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Lethbridge Herald Newspaper Archives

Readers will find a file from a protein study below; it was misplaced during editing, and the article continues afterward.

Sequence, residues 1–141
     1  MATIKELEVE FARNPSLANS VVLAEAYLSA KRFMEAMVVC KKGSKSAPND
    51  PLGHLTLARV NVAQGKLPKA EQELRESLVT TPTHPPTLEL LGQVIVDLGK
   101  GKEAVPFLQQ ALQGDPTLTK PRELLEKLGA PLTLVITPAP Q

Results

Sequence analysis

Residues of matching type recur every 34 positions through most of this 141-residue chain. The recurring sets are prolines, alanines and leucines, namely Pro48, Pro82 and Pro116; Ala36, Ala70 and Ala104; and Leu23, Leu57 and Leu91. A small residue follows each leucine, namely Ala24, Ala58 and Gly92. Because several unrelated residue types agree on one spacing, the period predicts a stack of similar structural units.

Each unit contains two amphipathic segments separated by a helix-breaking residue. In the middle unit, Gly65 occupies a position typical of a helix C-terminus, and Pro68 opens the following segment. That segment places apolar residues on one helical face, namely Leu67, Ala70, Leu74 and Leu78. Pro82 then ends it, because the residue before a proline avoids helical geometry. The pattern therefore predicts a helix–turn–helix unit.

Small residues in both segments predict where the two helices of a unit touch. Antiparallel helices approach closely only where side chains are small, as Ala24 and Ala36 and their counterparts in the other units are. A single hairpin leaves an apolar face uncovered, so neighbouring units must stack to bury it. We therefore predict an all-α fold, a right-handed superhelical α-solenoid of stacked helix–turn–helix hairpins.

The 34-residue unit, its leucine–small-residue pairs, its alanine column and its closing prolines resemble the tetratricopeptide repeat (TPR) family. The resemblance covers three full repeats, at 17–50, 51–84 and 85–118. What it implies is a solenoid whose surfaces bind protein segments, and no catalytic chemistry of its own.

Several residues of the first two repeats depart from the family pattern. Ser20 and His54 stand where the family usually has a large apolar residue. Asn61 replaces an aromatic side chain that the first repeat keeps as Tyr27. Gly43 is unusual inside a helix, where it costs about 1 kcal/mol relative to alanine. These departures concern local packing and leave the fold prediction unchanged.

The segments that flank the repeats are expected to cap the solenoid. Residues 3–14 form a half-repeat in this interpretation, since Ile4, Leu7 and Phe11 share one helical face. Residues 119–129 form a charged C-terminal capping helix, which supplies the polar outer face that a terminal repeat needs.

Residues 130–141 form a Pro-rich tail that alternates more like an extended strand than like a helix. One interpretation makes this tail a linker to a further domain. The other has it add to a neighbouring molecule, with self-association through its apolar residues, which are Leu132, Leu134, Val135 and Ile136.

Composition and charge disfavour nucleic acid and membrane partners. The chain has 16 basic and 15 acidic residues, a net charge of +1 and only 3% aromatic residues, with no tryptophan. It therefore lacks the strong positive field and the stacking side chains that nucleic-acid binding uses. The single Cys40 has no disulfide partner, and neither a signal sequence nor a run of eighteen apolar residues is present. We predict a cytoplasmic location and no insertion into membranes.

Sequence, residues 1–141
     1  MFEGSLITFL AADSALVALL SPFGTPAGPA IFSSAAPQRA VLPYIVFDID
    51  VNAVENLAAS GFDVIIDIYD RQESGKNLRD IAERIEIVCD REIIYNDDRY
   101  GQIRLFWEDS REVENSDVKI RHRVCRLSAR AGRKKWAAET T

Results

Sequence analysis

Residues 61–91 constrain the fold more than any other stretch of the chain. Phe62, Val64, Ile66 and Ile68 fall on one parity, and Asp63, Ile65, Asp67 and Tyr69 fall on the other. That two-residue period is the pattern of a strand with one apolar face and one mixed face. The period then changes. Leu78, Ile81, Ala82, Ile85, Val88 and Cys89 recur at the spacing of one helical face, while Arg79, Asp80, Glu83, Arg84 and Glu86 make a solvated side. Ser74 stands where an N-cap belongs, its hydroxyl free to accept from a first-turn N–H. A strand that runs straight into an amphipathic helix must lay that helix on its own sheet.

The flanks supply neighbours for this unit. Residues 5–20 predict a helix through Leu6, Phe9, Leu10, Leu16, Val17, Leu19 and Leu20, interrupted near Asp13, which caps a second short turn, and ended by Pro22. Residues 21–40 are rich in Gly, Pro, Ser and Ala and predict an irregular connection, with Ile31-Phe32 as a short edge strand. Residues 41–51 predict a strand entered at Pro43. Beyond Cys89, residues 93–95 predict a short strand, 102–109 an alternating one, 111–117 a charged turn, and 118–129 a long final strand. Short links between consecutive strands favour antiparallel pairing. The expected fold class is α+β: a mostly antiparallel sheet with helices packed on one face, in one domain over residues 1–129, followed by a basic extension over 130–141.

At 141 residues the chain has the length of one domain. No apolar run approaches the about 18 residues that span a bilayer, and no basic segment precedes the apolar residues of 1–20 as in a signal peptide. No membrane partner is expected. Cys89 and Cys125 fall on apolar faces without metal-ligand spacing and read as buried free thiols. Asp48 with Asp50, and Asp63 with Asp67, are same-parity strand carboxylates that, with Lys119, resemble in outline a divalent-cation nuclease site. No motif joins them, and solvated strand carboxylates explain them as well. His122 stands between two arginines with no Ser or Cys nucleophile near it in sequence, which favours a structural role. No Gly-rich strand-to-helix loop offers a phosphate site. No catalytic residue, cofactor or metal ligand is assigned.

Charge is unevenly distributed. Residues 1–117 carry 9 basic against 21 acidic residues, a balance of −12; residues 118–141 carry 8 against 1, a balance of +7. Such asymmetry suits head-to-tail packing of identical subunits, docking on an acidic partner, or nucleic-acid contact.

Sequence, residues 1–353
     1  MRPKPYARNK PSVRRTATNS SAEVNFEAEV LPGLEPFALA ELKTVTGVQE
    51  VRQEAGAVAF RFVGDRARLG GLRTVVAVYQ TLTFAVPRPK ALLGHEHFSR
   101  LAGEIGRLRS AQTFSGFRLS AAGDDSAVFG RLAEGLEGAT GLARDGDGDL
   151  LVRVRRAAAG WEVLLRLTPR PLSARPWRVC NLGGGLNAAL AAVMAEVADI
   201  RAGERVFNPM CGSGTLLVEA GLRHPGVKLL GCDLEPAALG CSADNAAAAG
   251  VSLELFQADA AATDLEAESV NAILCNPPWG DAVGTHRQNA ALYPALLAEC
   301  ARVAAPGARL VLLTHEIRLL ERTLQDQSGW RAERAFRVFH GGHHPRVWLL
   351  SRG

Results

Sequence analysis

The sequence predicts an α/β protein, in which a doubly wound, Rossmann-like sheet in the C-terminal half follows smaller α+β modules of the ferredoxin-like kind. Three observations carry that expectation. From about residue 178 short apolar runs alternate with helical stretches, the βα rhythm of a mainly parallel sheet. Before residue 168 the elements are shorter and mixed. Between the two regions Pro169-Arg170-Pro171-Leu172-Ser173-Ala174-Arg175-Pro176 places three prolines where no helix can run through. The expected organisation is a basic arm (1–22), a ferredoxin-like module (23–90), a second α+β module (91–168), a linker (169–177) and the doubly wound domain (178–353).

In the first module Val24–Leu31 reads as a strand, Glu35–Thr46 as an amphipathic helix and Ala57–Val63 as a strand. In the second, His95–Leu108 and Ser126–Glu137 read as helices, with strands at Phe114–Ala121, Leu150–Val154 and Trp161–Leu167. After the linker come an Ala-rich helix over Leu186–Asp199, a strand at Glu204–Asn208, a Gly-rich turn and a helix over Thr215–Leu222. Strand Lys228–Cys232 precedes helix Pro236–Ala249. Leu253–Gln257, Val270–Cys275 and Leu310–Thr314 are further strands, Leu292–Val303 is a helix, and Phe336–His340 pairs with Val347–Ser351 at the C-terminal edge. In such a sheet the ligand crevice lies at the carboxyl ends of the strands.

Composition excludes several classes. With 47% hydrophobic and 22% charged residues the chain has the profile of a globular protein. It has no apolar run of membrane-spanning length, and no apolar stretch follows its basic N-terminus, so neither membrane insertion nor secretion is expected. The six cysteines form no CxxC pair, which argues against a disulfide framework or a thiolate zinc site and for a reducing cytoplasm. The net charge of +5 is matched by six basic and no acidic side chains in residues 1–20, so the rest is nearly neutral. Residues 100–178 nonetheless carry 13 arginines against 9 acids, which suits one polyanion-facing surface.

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Lethbridge Herald (Newspaper) - October 18, 1918, Lethbridge, Alberta PAGE SIX THE LErn^BRIDGE DAILY HERALD FRIDAY, OCTOBER 18, 1918 >*BRINGING UP FATHER" By G. McManus near tHC mOHT OOOR so 1 can'T HE ha^ fallen At)LEePA t�OV/"S> ME chance; The Sport CALGARY CLAiS MY HA SERIES W ESIO A Scored More Runs, They Say- Lack of Funds Made Them Refuse Fifth Game. Belton ot the Calgary Monarchs has a poor ansvrer to the charge made by'the Medicine Hat juniors that the Calgary crew are a bunch o� quitters. He says: They're at it again, poor old Medicine Hat, will they ever get through crabbing? Under a story headed that the Monarchs are the champion base-bawl pikers of 1918, the Hat News sport scribe insists that the Hatters kids out of $85 like taking cents from a blind man. When the thins was spoken up at the ball park, they blamed ye writer of the story for agreeing to accept the paltry sum of ?14.S5, and the Hat team's manafeer asked us to go around to the secretary and prove it. We had had a good meal before that and felt like something in that line and took up the challenge and led the way. But did the secretary agree on his last statements? nothing doing, he just started crabbing on how much they lost on the trip to Calgary, did not think of the weight we would lose if we didn't eat. "Hatters reluctantly take championship by default," says a headline. Reluctantly, eh? It's a bet you grabbed at that idea of some "knowair so Quick, lightning would hare had nothing on you. Remember, Medicine Hat, CORRIE FOOLED GERMAN LEADERS League Mag:nates Must Decide Whether Usual Rules Will Obtain on Contracts. we lead by two runs on the total score. Who has the better team? Tou beat us 5-2 and 6-5, we beat you 2-1 and then knocked you to a frizzle by 9-4. We'll admit right here that when you beat us you beat us right, but we notice you blame your losses on darkness and the sun and that kind of Xew York. Oct. IS.-Major league baseball magnates face a knotty problem at the coming annual meetings when they will be called upon to decide the status of the player at present under contract or re.serve. Very few ot the club owners hold the opin- have a better team than the locals s stuff. even though we le^d on the total number of runs in the four games.. TheJ sport scribe of onf eastern city paper, adds, that the Monarchs were afraid to'because Chief.Miers was going to pitclL' dh,'boy,'woulfl&'t that get'.a guy's nanny? just think after the Monarcis hare allowed- the ''Chief" to pitch 31 innings against them that they would be afraid to let We were there-, and we know. We didn't sit in a dugout with lour other guys gossiping after the umps had ordered us oiJt of the dugout, neither did we:kick oitany decision. In these ,^ys of paper conversation, why. "waste-jso much space on such a matter, we walloped you, ad mit it, and shut up. Fancy a whole page on a junior game. Oh Print controller, him go nine more. If we remsmber' where is thy club? rightly the Monarchs were anxious to have "Chief" pitch the second game at the Ha^ It must have been humiliating to the writer of the story in the News to see young Sam Sacage step to the plate nine times and get four safe blngles, two of them two baggers, off friend "Chief." the 19 year old junior. Still we have nothing against Miers, he's, a sport. The story speaks of the "high cost o' living," but doesn't eay that they expected 11 ball players to stay in the hotel two nights and eat six meals on a total of ?14.8o.  What a .bunch of sports that Hat bunch are, bareball profiteers we would term them, beating a bunch of What is going to be done regarding the play-off? Nobody knows. The Monarchs were let down on their expected arrangements, and the Hatters could hardly expect them to stay another day for J14.85, It Is interesting to know that Medicine Hat now wants to rib up a series with the local boys to decide the championship.' John Gruber, Emans, Pa., has an apple tree that is bearing a second crop, of apples this year. YOU CAN 00 BETTER- y// HENNESEY&WlLSON DRY GOODS, MENSWjEAR. BOO-TS & SHOES . NORTH LETHBRiaCE.i CARS TO THE DOOR ; ' GORDON REBER HOME ? ? ? :< Corp. Gordon Keber, D.C.M., �first contingent man, wounded at Paaschendaele, who formerly played hockey with the Sporting Goods team here, and also with the Taber Chefs, returned home this week. If You are Considering the Purchase of a Used Car it will pay you to examine our stock. ;We have the following to choose from: 490 Chevrolet Touring One Ford Touring Baby Grand Chevrolet One McLaughlin Touring One Dodge Tounng All in good shape. BAALIM MOTOR Co. BACK OF UNION BANK THE RED CROSS NEED YOUR OLD TIRES AND TUBE8, THROW THEM IN OUR RED CROSS BOX ion, apparently, that it will be possi ble to resume league operations next spring. If such proves to be the case, and there are few indications to the contrary, it would appear that the majority of players, who figured in the' 191S pennant races will not receive contracts during the eariy months of next year. According to the present system it is mandatory upon the clubs t* renew their options or reserve clause.? upon players not later than January 1 each year and to follow this action by ipailing contracts to the players not later than February 1. It is extremely doubtful if this procedure will be followed in 1019. Under the ordinary ruling a player who did not receive his contract by March 1 would become a free agent, and upon the resumption of big league baseball would be in a position to sell his services to the highest bidder. It is understood, however, that the magnates will hold that the business of baseball was suspended to operate under instructions from the government and that since the right to operate was beyond their control all contracts' and other legal phases are suspended automatically. Under this construction the contract of the player carries over until such time as the government gives consent for a renewal of the business of baseball. Thus if the professional leagues do not resume until 1920 the year of 1919 would be considered as non-existent in so far as it might affect a player's contract. There is still another angle to the proposition which involves the magnates and the two major leagues as individuals and cooperating business organizations. It might be held to bo within their rights to refijse to negotiate with or for the services of a player who, previously to the suspension of the .game, was the property of another club. If such action were generally adopted the player would be oblig'ed to report back to his original club for a renewal of his contract or a release, if he desired to reenter play in either of the big leagues. Sent Three Battalions With Bands Playing in Another Direction than Part of Front Arranged. ' Windsor, Ont., Oct. 17.-How Lleut.-General Sir .Arthur Currie, Commander of the Canadian Corps in France borrowed the tactics of Gefi-" eral Brock,^ the British commander, n-ho deceived General Hill into surrendering Detroit in 1S12 without a shot being fired, was related last night in Windsor rmories to' an audience of more than 4.000 persons by Bishop M. F. Fallon, of London, recently returned from France. Brock, in order to give the American general the idea that the British were at Sandwich in great force, I raarclied his three thousand British I troops and his Indian allies in and out of his headquarters at Sandwich a score or more of times. General Currie, the bishop said, adopted the same method in making a surprise I attack on the Germrin flank at i Amiens, wisich resulted in the Cana-! dian Army Corps breaking down the enemy defence an'd forcing the great retreat that is now culminating victory for the allied armies. To give Gorman spies the impression that the Canadians were moving nosth. instead of south to Amiens, General Currie organized some three battalions, witich were sent north with bands playing and colors flying. These troops were marched about in a circle for several days and the German flyers did the rest by reporting back , to their commanders that Canadians iu force were going north to attack In the vicinity of Ypres. While this false tactical move was going on by day, eighty thousanr Canadians were moved by night in motor trucks perfectly camouflaged with branches ot trees. That the enemy was duped and surprised by the century-old tactics is no%v known to General Currie, the ruse proving completely successful and leading the enemy into sending his reserves to the northern sector of the front, directly away from the point where the attack was to be made. TABEK BARON BURIAN LOOKS FOR PEACE made himself very popular with the American people had he shown a more liberal disposition regarding war benefits and such but the tirade of abuse heaped upon him by Manager Kearns will get nothing for Jlr. Dempsey and letters from the boys at the front state very plainly that they would like Jo see the submarine "over there" and not in the states, away from the real battle. Basel, Oct. 17.-Baron Burian, the Austro-Hungarian foreign minister, spoke in the most optimistic manner of the prospects for an early peace in addressing the foreign atta.lrs committee of the Austrian delegation on Wednesday, says a Vienna dispatch. "I nourish the hopes today most fully," said the foreign minister in this connection, "for if the contents ot President Wilson's reply are stud-led there la nothing to be found to frustrate such a hope or even to delay its realization." "The political point in President Wilson's reply is settled," Baron Burian declared, "&s Germany's reply will undoubtedly establlsU by the modiflca-Uons which are being made in the constitution." (From the Times) The farewell dance given to Mr. and Mrs. F. H. Fowler in the Rolling Green Hall on Saturday evening last was one of the biggest ever hild In the district. Mr. 'and Mrs. Fowler are old and popular residents ot the Rolling Green district and their removal to British Columbia is regretted by a host ot friends and neighbors. E. S. Bowden left on Tuesday afternoon for Vegrevllle a^d other northern points, where he will look attar the shipping ot about 400 tons yt hay to Taber. Johii A. Seager, the first settler in the C. "V. when it was thrown open Cor settlement, has decided to ren.ove to Bellingham, Wash. A quiet wedding took place on Wednesday last at S. Theodore's church, when the bonds ot holy matrimony were solemnized between Joseph Henry Ravenscrott, ot Vancouver, and Eugene Blanche Williams, of Taber. Mr. Gilbert Williams was best man, .Miss Annie Williams acted as bridesmaid, and the bride was giv^n away by Mr. John Williams. The rector. Rev. F. Taylor, officiated at the ceremony. The married pair left on the afternoon train for their new home in West Vancouver via Banff. The auction sale of the ,T. W. .Johnson Estate was the largest ever held in the Taber district, realizing the splendid total of ?lfl,600. The-bidding was keen and spirited, Mr. Footo, a farmer ot the district, after a spirited contest, succeeded in purchasing 25 fine yearlings at $47 each. Nelson Blu^ got 18 calves at $27 a head. Walt Rutherford was lucky in getting the fine Butterfly Shorthorn bull for $150. Central Garage ALL KINDS OF AUTO REPAlk WORK HANDLED PROMPTLY AND CAREFULLY STOR/STGE ACCESSORIES BATTERIES phone 1023 Old Roller Rink, cor. 3rd St. & 4th Avenue S., Lethbrldge W. H. DOWLING W. 8. COOK S. ANDY .1 THE RADIATOR MAN WILL REPAIR YOUR RADIATOR-AND GUARANTEE THE WORK, Rear Dallas Hotel (Uptflit) mi STORACK^ BMTTERV I ard service station henryTdenn Proprietor All Makes of Batterlet Charged and Reptiired 311 7th Street S. Phone 616 LIEUT.-GOV, LE BLANC IS CRITICALLY ILL Quebec. Oct. 17.-Sir P. B. Le Blanc, lieutenant-governor of Quebec province, took a bad turn and he is today critically ill. AUTO TIRES OF ALL SIZES VULCANIZED By the Famous Haywood System RE-TREADING �. REPAIRING By Experienced Workmen. All work guaranteed. Special Equipment for Rim Cut Repalrg. R. D. RITCHIE 208 13th St. 8. Opp. Ellison Mill* Vulcanizing! Have your tires and tubes repaired at the Centra] where you get dollar for dollar's worth of service and all our work guaranteed. Sectional, Blowouts, Rlmcuts, Spots and Kettle Re. treading a specialty. Central Vulcanizing and Tire Service Station Rear of Dallas 227 0 Cows with halves at foot, at a recent auction sale held near Strome, Alberta, brought $111 to $145 and a. two-year-old heifer brought $99. KEARNS HANDED A WALLOP Jack Dempsey Has Chance to Real Fighters, but Does Not Enlist Join USED CAR DEPARTMENT MitcheU Touring, 1917. Ford Roadster, 1914. Ford Touring, Special Equipment, 1917. Ford Tounng, 1917. Maxwell Roadster, 1917. BIJOU MOTOR PARLORS, LTD. "THE HOUSE OF SERVICE" If Jack Kearns, manager of Jack Demp.'-oi, e.xpected to force Jcs.? Wil-lard, champion ot the world, into a match with his protege by the tirade against the chamrdon in a letter sent broadcast the past week or so, he has another guess coming, says Tom Andrews. Willard is of tjiat nature that he might be coaxed into a match, but j never forced. Kearns goes to great lengths in his abuse of Willard regarding the latter's failure to do his duty In giving his services for war benefits, etc., and at the same time prai.s!ng the work of Denap.sey. If Dempsey were fighting over in the trenches with some of the other box-ers, like Mike O'Dowd, Bombardier Wells, Jem DrLscoll, .Steve Kotchel and many others he might be in a position to say someihing along lines; but the fact Is that Jack is of military age even if he is married, while Willard is nearer 40 than Dempsey is 25, and he has a family. He has also been doing farm work, which is considered esfiential. It is the old story of "people living in glass houses should not throw stones." Jack tells about Jess" great ^ efforts at bragging about what he i would do for the government, etc., ' but the champion has kept very , quiet; in fact, he was almost buried until he was bombarded with offers, requests for benefit nhows and chal- | lenges from Dempsey, after the latter had beaten Fred Fulton, in a punch at Newark, N, THl^m-d could have Put your wardrobe on a war basis THAT means that the clothes you do buy should be the kind that make the best possible use of th^labor and materials put into them. It means clothes that not only wear a long time but keep their shape a long time. It means "conserving" clothes Hart Schaffner & Marx make that kind and we sell them Mow if you're going to buy clothes at all-and you shouldn't unless you abso-utely need them-that's the only kind you've a right to buy-clothes that save It's "dollar economy, * too. You pay a little more now-but they wear so well you spend less in the long run. Louis Keel The home of Hart Schaffner & Marx clothes ___, ^ Copyright 1918 Ilatt Schaffner & Man 36097715 5680?3 ;